Port of Longview Rail Infrastructure Improvements

Longview, Washington

  • Services Civil Engineering, Prime Consulting
  • Market(s) Rail
Port of Longview Rail Infrastructure Improvements

Through the on-call contract between KPFF and the Port of Longview since 2013, KPFF is currently providing prime consulting services for the planning and design of an expanded rail corridor to provide unit train service to the Port of Longview and its industrial clients. The IRCE will provide eight tracks, each with a clear length of 8,500 feet or more, and will support direct arrival and departure of trains by BNSF and UPRR. The IRCE connects directly to Longview Switching Company’s railyard which is a facility jointly owned by the railroads and is being designed in close collaboration with operating and engineering staff from both railroads. Approximately 60% of the IRCE footprint will be constructed in or adjacent to a large log holding pond and associated wetlands, requiring extensive in-water fills.

The design also includes relocation and protection of overhead power transmission lines, large diameter water and sewer trunk lines and stormwater treatment systems throughout the length of the corridor. KPFF is designing access roads for train inspections, rail crew change areas, and compressed air supply systems and infrastructure for train braking systems.

The multi-phased project is currently at the 30% design stage and developing permit documents for federal, state and local jurisdictional review. Most of the project will be constructed on land not currently owned by the Port and includes property acquisition processes with multiple surrounding landowners. The Port is working to obtain federal grants to fund the project. The project will meet or exceed federal standards for track construction and KPFF anticipates providing assistance in meeting administrative requirements for federal grant funding. The IRCE is planning to break ground in 2022-2025 once funding, permitting, and land acquisition is secured.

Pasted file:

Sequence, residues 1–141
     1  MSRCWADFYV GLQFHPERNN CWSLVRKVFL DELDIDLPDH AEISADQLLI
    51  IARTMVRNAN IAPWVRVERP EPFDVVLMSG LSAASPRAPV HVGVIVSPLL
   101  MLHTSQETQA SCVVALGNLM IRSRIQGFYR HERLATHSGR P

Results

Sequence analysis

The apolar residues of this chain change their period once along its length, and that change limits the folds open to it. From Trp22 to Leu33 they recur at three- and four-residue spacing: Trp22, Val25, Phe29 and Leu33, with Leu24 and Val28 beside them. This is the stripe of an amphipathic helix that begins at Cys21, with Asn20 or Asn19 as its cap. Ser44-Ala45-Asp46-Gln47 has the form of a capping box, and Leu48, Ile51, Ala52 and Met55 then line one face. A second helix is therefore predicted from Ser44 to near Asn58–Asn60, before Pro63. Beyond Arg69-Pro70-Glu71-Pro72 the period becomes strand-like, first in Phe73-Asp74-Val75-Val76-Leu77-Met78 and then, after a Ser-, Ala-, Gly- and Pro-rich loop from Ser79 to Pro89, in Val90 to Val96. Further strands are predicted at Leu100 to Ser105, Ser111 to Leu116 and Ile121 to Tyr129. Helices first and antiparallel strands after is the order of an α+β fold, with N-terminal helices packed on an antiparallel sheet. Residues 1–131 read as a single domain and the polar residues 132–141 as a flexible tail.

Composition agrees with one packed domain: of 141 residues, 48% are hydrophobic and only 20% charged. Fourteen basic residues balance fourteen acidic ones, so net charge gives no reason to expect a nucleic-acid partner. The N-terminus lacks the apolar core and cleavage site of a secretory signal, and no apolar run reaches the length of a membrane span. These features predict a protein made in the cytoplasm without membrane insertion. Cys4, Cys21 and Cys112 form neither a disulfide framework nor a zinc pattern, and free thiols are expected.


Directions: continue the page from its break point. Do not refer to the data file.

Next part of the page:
As KPFF and the Port advanced design of the IRCE, the Port worked to market the project and entertain interest from other customers wishing to develop on unused or under-utilized terminals. The Port recognized the need to better study current and future rail and vehicle traffic at the Port. The Port of Longview selected KPFF to perform a detailed analysis of rail and motor vehicle movement through the Port, accounting for forecast growth in rail traffic volume and planned rail improvements. KPFF also developed recommendations on how to mitigate or limit impacts to customers, tenants, adjacent industrial properties, and local and state roadways.

KPFF’s analysis included development of rail operating plans, static modeling and dynamic modeling for multiple future operating scenarios in the Port, taking into account the planned expansion of the industrial rail corridor from a two-track corridor to an eight-track corridor, as well as two potential unit train served facilities.

Analysis of rail and vehicle movement included multiple phases of development of the planned rail infrastructure and multiple stages of rail and vehicle traffic growth, including:

  • Rail movements from the Class 1 mainline / Longview Switching Company Yard through the Port’s existing industrial rail corridor and the proposed industrial rail corridor expansion (IRCE).
  • Rail movements from the IRCE to the Port’s current internal rail infrastructure with the current customer usage.
  • Rail movements from the IRCE to the Port’s proposed internal rail infrastructure, reflecting multiple phases of infrastructure improvement.
  • Rail movements from the IRCE to the Port’s proposed internal rail infrastructure, reflecting multiple phases of infrastructure improvement and including projected growth in rail traffic from tenants/customers/adjacent property users, and the forecast rail usage from the Berth 4 development.
  • Vehicle and truck movements for ingress, egress, and internal to, the Port’s current and future road systems in relation to the rail movements described above.
  • Vehicle/truck movements to and from the local and state road network in consideration of the Port’s current and future rail movements.
Lisa Hendriksen quote marks

The Port of Longview has been working on the Industrial Rail Corridor Expansion (IRCE) since 2014. In 2018, the Port transitioned the IRCE project to KPFF. The KPFF team, and specifically project manager Bekah Osterhaus, and Steve Kingsley, were able to seamlessly move the project forward without much delay. KPFF’s rail expertise and relationships with BNSF and Longview Switching Company (jointly owned by UPPR and BNSF) have been invaluable. Their methodical and well documented approach allowed us to make great progress toward this long-term development goal. I would recommend Bekah, Steve, and the KPFF team in developing a port rail design project.

Lisa Hendriksen
Lisa Hendriksen
Director of Planning and Environmental Services
Port of Longview
Port of Longview Rail Infrastructure Improvements

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